Academic journal article School Libraries Worldwide

Certifying Celebrity in the School Library: Self-Regulated Learning in Practice

Academic journal article School Libraries Worldwide

Certifying Celebrity in the School Library: Self-Regulated Learning in Practice

Article excerpt


Countries around the world recognize quality educators' skills and talents (or "celebrity") in different ways. Teachers' formal recognition includes programs in which students, colleagues, and citizens in surrounding communities nominate teachers for honorary awards. Some examples of such programs include the National Teacher Award in South Africa, the Roll of Honour Award given to educators demonstrating outstanding service in the Jamaican Teachers' Association, and the Global Teacher Prize awarded to nominated teachers every year internationally.

Other programs enlist educators to demonstrate their teaching mastery by submitting evidence and engaging in reflective professional practice. Australian teachers apply for certification as Highly Accomplished and Lead Teachers to the Australian Institute for Teaching and School Leadership (AITSL, 2014). The certification process laid out by AITSL (2012) includes three stages with extensive assessment, evidence, and a site visit with direct observation. Teachers in the United States can apply for National Board Certification (NBC) from the National Board for Professional Teaching Standards (NBPTS) in 25 areas from preK-12 (NBPTS, 2014). An NBPTS news release from the end of 2014 reported that over 150,000 teachers across the U.S. are certified. The process for NBC includes multiple stages and is quite rigorous like the process in Australia. NBC applicants submit reflections, student work, and videotaped lessons of their teaching to show their mastery as educators.

Both the NBPTS and AITSL standards highlight inherent aspects of teacher librarianship. Firstly, teacher librarians are often experienced educators, as their degrees are generally earned at the Masters level. Teacher librarians Jenny Uther and Margo Pickworth, both certified as Highly Accomplished in Australia, noted the emphasis of the AITSL standards on collaboration and information and communication technology (2014). Uther and Pickworth (2014) also made a connection between these standards and the professional standards for teacher librarianship in Australia as developed by the Australian Library and Information Association and the Australian School Library Association (2004). Applicants for NBC in the United States demonstrate their teaching mastery of Five Core Propositions relating broadly to professional practices and applications of teaching and learning. As with the AITSL standards, there are strong connections for teacher librarians and the NBC propositions. For example, proposition 3 states: "Teachers are responsible for managing and monitoring student learning" (NBPTS, 2002, p. 13). This focus on managing and monitoring student learning relates to the role of the teacher librarianship in promoting information literacy skills, developing a robust collection of resources, and engaging the students to master their own learning skills. In this paper, we consider the role of the teacher librarian as related to this proposition using definitions of selfregulated learning. Our research examined how two groups of teacher librarians in the U.S., one with NBC and one without, applied self-regulating learning strategies in their teaching and to investigate differences between the two groups.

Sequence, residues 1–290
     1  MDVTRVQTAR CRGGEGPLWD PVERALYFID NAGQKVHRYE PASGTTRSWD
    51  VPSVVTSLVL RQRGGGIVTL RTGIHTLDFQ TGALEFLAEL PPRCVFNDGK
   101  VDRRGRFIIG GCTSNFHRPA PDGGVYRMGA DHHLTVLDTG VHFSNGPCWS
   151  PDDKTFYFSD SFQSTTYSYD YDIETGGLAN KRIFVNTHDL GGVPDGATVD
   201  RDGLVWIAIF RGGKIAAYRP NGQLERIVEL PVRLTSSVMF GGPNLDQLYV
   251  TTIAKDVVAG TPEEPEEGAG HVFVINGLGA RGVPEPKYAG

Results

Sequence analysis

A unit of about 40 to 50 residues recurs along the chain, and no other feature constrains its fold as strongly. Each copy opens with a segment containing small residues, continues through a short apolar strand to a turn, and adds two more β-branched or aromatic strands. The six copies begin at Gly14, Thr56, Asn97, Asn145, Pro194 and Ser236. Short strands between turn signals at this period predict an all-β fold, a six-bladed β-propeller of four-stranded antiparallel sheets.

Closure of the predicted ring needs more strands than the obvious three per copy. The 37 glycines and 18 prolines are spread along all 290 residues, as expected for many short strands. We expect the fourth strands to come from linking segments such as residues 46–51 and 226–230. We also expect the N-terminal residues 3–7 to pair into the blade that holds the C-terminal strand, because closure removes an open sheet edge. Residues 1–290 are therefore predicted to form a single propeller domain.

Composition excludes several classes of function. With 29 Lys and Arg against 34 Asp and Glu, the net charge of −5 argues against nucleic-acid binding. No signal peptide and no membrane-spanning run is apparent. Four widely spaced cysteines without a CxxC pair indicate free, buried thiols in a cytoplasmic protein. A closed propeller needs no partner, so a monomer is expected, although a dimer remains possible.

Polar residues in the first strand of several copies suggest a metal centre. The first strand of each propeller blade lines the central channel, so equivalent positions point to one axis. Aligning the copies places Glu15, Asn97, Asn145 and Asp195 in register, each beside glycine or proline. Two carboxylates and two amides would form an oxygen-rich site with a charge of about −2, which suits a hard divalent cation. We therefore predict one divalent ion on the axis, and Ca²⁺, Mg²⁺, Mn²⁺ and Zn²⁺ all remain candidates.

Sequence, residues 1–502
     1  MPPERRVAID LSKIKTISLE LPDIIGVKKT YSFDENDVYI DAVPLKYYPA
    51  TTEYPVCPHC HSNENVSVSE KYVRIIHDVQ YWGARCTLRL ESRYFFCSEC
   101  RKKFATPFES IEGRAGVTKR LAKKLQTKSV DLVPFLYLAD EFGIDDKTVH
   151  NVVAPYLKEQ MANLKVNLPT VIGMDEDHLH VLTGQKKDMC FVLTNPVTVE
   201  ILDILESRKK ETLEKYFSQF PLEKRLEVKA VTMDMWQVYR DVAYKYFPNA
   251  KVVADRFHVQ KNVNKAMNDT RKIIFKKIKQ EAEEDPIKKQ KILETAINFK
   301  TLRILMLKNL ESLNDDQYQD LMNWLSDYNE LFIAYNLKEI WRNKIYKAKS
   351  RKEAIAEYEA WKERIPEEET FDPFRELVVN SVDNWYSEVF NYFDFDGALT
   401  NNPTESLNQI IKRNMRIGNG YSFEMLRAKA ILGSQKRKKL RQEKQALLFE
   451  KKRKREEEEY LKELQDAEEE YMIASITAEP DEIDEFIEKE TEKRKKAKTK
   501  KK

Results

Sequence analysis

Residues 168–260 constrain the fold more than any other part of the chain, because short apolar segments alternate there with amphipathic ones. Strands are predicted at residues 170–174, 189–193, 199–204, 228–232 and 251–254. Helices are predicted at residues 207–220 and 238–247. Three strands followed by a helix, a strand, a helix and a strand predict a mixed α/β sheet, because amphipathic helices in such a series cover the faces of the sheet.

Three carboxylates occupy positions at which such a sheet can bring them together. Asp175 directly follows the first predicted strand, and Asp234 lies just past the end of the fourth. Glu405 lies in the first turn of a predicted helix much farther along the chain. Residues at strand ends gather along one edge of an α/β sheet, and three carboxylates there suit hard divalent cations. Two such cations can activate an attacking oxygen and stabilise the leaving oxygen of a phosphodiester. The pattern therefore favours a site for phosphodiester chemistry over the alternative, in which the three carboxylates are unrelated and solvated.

In this study investigated how National Board Certified Teacher Librarians (NBCTLs) and non-National Board Certified Teacher Librarians (non-NBCTLs) differ in their interpretation and practice of SRL in the school library. Two research questions guided this study, examining:

1. How do NBCTLs and non-NBCTLs interpret and apply metacognitive strategies in their teaching?

2. What are the similarities and differences between the two groups?

Review of Literature

Self-regulated learning (SRL) is the ability to plan, monitor, and evaluate one's own learning processes. Van den Boom, Paas, and van Merrienboer (2007) assert "there is a broad consensus that SRL comprises many aspects related to students' learning, such as goal setting, using effective strategies to organize learning, monitoring, performance, self-awareness, motivation and holding positive beliefs about capabilities" (p. …

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